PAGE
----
Leaving Home


















It's not the holding of his hand,
but the pulling of his arm that makes a boy leave home.





~ Words and photograph by Russ Allison Loar
© All Rights Reserved




Guru






"Where is the doorway to eternity? Where do you enter? Think on these things and we will continue our discussion next time,” the self-proclaimed self-help guru said at the end of the two-hour class: “Finding What You Never Lost,” held at the community senior center.

The guru climbed into his car and as he was backing out of the parking space he heard a familiar scraping sound and knew his front bumper had again caught on a parking lot bumper.

He shifted into park and climbed out of his car to push the left end of his ragged plastic bumper back into place. He’d done this many times before. “I ought to get it fixed,” he thought, but his income as a local guru and Social Security recipient was of a temporal nature.

“I am but a humble creature of the Earth,” he thought as he tried to open the car door. The car was still running and somehow, he’d locked himself out. “This is going to be embarrassing,” he contemplated.




~ Story & photo painting by Russ Allison Loar
© All Rights Reserved




A Worried Man




















He was such a worried man, so sure something
was about to go wrong. Every time the clock
struck the hour, he counted the strikes, fearing
the clock would make a mistake.


~ Text and photo by Russ Allison Loar
© All Rights Reserved




Youth Has An Expiration Date


It is somewhat amusing to older folks to hear pop song lyrics and see pop song videos in which handsome young men worship at the altar of beautiful young women. Oh those words of eternal passion, pledged by the young. How quickly terms and conditions come into play as familiarity grows, as obligations mount, as the marriage ties that bind, bind.

And what of the aging process, that chronological decay of flesh that robs us all of youth’s bounty? Can you visualize a wrinkled old man and woman in a pop song video, singing:

Almost paradise
We're knockin' on heaven's door
Almost paradise
How could we ask for more?
I swear that I can see forever in your eyes
Paradise*


Herman, Marjorie & Bess Allison ~ Redondo Beach, California 1917

No, me either. Youth passes, passion passes and we move on. Yet I remember spending the night at my grandparents’ house many years ago when they were in their seventies. I woke up early the next morning and peeked into their bedroom to see if they were still sleeping. I just happened to see them waking up. My old, wrinkled grandfather gave my old, wrinkled grandmother a kiss and said “Good morning.”

Almost paradise.



*From the song “Almost Paradise” written by Eric Carmen and Dean Pitchford



~ by Russ Allison Loar
© All Rights Reserved




The Universal Question


You have to make an effort to not do something, much less not do anything. Perhaps more properly “not doing” should be called “pre-doing.” This suggests a possible answer to the universal question: “What is the universal question?” The answer, of course, is the question.

Knock knock.
Who’s there?
Everyone and everything.
Everyone and everything who?
Yes!


So before the universe there was nothing. So what came before nothing? Once again we are faced with the contradictions of logic, which suggest the answer: Nothing. Perhaps then “nothing” should be called “pre-something.” Whatever created the universe, aka, something, was, I suppose, not in existence during the time of “pre-something.” So, once again we return to the question: “Where did the universe (something) come from?” Some quantum physicists may tell you that coming and going, that time itself may only exist in certain selective states. This may be true, for I was in Utah once. Nevertheless, if you find yourself in the company of a quantum physicist, whatever you do, don’t ask what time it is!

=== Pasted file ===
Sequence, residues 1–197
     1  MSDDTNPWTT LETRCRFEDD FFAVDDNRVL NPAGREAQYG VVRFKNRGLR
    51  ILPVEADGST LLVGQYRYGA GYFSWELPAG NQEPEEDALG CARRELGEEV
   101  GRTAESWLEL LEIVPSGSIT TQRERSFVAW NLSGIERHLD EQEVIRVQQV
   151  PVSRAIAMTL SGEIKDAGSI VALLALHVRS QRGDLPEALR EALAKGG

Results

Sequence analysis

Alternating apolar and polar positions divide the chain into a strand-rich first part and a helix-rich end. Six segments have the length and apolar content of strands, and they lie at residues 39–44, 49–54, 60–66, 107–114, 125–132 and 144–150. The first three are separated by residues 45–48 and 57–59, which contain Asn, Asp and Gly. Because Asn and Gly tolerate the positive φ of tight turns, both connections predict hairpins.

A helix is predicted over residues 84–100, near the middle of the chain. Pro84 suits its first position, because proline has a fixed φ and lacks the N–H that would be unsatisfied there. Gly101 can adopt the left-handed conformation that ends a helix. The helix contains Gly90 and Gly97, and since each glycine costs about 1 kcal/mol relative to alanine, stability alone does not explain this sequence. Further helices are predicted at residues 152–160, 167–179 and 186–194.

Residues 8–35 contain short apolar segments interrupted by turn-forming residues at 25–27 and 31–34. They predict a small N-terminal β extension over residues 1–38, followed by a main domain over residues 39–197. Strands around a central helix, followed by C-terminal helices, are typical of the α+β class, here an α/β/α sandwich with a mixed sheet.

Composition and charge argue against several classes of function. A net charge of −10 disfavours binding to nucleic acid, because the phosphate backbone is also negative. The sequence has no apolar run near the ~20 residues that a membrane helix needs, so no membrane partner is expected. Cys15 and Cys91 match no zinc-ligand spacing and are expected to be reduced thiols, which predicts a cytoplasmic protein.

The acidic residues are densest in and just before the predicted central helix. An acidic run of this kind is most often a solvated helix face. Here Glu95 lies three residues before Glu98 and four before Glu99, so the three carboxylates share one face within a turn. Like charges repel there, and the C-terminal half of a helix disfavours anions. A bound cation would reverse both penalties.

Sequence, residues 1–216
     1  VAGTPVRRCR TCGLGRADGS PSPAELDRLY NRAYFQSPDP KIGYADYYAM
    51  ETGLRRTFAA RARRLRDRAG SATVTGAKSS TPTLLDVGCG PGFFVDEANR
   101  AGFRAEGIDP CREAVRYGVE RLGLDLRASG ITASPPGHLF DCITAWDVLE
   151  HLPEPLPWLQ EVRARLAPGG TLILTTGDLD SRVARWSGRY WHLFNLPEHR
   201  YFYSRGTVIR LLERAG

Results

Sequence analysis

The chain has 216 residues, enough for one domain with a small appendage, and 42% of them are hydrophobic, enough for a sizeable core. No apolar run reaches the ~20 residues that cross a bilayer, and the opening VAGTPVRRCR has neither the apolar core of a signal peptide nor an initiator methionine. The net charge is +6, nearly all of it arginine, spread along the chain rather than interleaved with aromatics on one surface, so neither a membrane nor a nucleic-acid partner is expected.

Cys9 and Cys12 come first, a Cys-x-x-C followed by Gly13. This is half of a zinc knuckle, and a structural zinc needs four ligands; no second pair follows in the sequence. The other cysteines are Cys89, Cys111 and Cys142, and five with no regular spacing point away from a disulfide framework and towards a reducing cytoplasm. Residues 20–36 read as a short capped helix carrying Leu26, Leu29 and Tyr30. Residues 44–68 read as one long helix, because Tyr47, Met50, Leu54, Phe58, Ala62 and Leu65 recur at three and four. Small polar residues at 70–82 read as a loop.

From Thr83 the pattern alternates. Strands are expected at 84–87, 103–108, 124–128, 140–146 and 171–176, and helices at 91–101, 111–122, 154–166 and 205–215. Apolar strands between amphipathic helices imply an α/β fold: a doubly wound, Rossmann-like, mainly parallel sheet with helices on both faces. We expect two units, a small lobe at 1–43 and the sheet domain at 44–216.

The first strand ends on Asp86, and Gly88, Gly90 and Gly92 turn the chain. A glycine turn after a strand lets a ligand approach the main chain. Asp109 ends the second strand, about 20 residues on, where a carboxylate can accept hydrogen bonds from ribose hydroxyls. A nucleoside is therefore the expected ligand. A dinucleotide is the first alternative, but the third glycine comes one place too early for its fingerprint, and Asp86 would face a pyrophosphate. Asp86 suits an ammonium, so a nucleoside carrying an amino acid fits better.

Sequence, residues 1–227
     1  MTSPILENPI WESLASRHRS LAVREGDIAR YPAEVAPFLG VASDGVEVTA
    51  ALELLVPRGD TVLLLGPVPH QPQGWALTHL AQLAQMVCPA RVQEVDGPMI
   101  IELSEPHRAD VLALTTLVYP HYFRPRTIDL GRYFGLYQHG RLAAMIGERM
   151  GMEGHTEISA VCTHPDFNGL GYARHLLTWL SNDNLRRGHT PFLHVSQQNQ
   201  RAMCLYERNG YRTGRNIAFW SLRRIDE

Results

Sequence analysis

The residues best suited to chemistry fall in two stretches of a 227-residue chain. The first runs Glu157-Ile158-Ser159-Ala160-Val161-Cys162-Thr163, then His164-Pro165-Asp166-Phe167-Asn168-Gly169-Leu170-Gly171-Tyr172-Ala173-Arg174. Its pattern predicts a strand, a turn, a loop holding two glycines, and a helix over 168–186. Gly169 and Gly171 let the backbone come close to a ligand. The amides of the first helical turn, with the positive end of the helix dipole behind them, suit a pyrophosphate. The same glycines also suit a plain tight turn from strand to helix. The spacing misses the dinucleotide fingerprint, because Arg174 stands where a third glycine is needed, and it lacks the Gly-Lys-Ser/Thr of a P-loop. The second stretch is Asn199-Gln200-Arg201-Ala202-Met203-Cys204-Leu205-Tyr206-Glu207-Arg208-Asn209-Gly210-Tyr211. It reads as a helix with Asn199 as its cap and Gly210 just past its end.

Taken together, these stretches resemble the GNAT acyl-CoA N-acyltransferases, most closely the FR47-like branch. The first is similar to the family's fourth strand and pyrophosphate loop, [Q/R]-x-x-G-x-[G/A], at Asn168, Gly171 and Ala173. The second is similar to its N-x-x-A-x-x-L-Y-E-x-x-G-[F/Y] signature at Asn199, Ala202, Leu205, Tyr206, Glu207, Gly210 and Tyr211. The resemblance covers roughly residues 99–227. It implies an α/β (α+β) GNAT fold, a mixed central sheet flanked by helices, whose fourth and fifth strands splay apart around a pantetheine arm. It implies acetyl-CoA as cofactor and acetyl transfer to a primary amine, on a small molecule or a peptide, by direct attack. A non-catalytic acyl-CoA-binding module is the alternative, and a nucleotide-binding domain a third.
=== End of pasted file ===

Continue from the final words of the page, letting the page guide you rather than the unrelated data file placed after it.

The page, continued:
Now what I want to know is, what came before nothing, aka pre-something. (I cannot discard my sense of linear time, my sense of here and there, of before and after.) If something indeed came before nothing, then did that which created the something before “pre-something” make a conscious decision to eventually extinguish something and start over again? (There is Biblical precedent for this.) So doing must eventually extinguish not-doing in order to not do nothing.

{Blues riff into with harmonica}

I ain’t gonna do
What I’m not gonna do
Cuz I’m already doing
It
.




~ Writing and Artwork by Russ Allison Loar
© All Rights Reserved




Enchanted Princess



She is glowing
And her light penetrates me,
Fills me with unexplainable joy.

She dances playfully around my soul
And I am awakened,
Enchanted.
All is love beyond love.

She has placed a diamond in my heart.

I do not understand the blind
Who cannot see her,
Who see only another pretty girl,
An object to possess,
To label and put into some convenient category.

It weighs on her fragile heart
That anyone should expect her to live
An ordinary life,
This enchanted princess,
Surrounded by so much that is ordinary,
This enchanted princess,
So ready for the magic to begin.



~ by Russ Allison Loar
~ Artwork by Cy Brinson
© All Rights Reserved




Filling

















When at last the lover leaves intensive care,
All is a fragile balance on the edge of relapse.
One must re-learn the enjoyment of simple things:

The bitter spark from a cup of coffee,
The sweetness of sugar on the tip of the tongue,
The penetrating warmth of the sun
Shimmering through the crisp afternoon breeze,
The pleasure of another hour,
Another day,
Filling, filling, filling
That dark and dangerous place
Where love was.





~ by Russ Allison Loar
~ Artwork by Maxine (aka: Maxxximpact)
© All Rights Reserved




Despair
















"Don’t do it!” I implored as the old lizard who had lost most of his tail stared wistfully into the frothy, swirling waters of the Jacuzzi.



~ by Russ Allison Loar
~ Lizard painting by Robert Lennon
© All Rights Reserved




Tuesday


















I found a piece of paper in a parking lot.

It had been run over numerous times, torn and trampled, faded by the sun and still damp from a light morning mist.

Because I was not in a hurry; because I was not wearing earbuds and distracted by music; because I was not staring at a cell phone screen; because I was not talking to anyone; because everything has design, color, shape and texture, I picked up the square piece of paper.

It had been some kind of glossy, card-stock advertisement for a nightclub, probably stuck under the windshield wiper of a parked car long ago.

Looking closer, I saw the face of my lost love, a strand of her curly long auburn hair falling across her bare thin shoulder and finely sculpted collar bone.

She was smiling and looking skyward, as if she could see all the way to heaven.

That was Tuesday.




~ by Russ Allison Loar
~ Artwork by a parking lot
© All Rights Reserved





You Are Here



You are here.

I am here.

I am writing this for you to read. How do you like it so far? Not too interesting, eh? Well, you see, there’s a very important theory behind this rather unorthodox way of beginning